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Reaping fruits of thy labour

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PHYZIX — Malawians are now embracing and loving their musicians

We are almost at the end of the year and it is not quite unusual to see, around this time, members of village loan savings groups or indeed chipereganya, huddling together to share their earnings which they had safely stashed through the course of the year. This could be in form of cash, groceries or sometimes building materials.

Similarly, we have witnessed in recent weeks, artists smiling all the way to the bank after carting home cheques of varying amounts through their mother body Copyright Society of Malawi (Cosoma) as royalties for their work. This is something worth commending because, for a very long time, Malawian artists, particularly musicians, have complained of getting a raw deal despite putting in a lot of effort when producing their stuff.

All across the world, the discourse about intellectual property (creations of the mind such as inventions, literary and artistic works) has been taking centre stage. It is therefore quite pleasing to note that even here in Malawi, strides are being made in that regard.

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It seems the coming of blank media levy has spruced things up in the arts sector. Cosoma officials pointed out just last month that the blank media levy is a compensation system where by all gadgets and equipment that has the capacity to store, reproduce and distribute copyright works is subjected to payment of a levy upon manufacturing or importation. Thus, all the royalties that have been earned and dished out to local artists should be sweet music, only this time to the artists themselves and not necessarily their audience.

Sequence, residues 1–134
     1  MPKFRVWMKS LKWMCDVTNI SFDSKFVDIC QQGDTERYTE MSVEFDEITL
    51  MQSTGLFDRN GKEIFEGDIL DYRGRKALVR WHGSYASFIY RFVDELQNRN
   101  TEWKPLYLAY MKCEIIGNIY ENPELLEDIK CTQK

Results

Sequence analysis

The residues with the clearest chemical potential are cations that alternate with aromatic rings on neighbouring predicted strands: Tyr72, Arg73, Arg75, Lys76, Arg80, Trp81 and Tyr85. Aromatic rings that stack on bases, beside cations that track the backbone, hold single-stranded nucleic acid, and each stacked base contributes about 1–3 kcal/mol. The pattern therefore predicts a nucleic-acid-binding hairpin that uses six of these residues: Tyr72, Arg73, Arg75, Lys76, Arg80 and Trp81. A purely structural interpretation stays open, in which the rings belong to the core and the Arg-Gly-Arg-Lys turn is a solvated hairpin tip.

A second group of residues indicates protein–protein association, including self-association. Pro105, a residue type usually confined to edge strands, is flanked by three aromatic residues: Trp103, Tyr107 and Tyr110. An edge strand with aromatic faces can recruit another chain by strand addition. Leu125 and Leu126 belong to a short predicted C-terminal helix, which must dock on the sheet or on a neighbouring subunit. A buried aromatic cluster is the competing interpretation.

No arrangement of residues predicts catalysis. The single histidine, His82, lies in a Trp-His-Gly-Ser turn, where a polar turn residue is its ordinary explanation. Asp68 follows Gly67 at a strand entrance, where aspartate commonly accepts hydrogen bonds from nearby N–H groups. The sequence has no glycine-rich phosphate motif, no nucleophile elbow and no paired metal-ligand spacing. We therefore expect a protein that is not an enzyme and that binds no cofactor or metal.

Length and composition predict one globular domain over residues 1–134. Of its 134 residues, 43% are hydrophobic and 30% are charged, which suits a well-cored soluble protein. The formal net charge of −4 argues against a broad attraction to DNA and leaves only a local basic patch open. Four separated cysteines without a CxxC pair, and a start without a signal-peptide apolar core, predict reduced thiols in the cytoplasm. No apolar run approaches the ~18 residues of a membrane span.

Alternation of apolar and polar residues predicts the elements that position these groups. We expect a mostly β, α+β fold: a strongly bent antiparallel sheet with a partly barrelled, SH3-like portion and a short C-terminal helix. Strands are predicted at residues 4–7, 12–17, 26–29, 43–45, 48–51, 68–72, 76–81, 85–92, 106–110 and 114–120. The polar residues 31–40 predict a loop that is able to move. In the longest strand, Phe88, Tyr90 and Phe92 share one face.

One could therefore not blame some musicians who recently took to social media to brag about what they had earned, never mind the amounts involved.

Much as others might view this act as flossing, it is important to bear in mind that artists deserve so much more because it is not easy to come up with all the content with which they entertain the people.

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Urban artist Jay Jay Cee, who traces his roots to the iconic local dancehall outfit Mabiringanya Empire, was one of those who showed appreciation for the gesture by Cosoma.

“We don’t mean to brag but at least sight how far we have come…bagged 4.3 million Kwacha cheque from Cosoma,” he wrote.

Similarly, Amapiano artist Avocado was overcome with joy at the thought of carting home a royalties cheque.

“When I started music in 2012 just as a Chanco student known only to my hostel (Kenyatta Hall), I never thought moments like these would come!” he said.

He equally had a word of advice for those who have smiled their way to the bank like him.

“To fellow established artists who got millions too and less, let’s use the money responsibly!!! Money can be saved, spent on or invested! Choose your usage!” he added.

The development goes to show that for those aspiring to seriously pursue music, they might just have a good reason to keep working at it as eventually, they might reap the fruits of their labour, just like these urban artists have shown.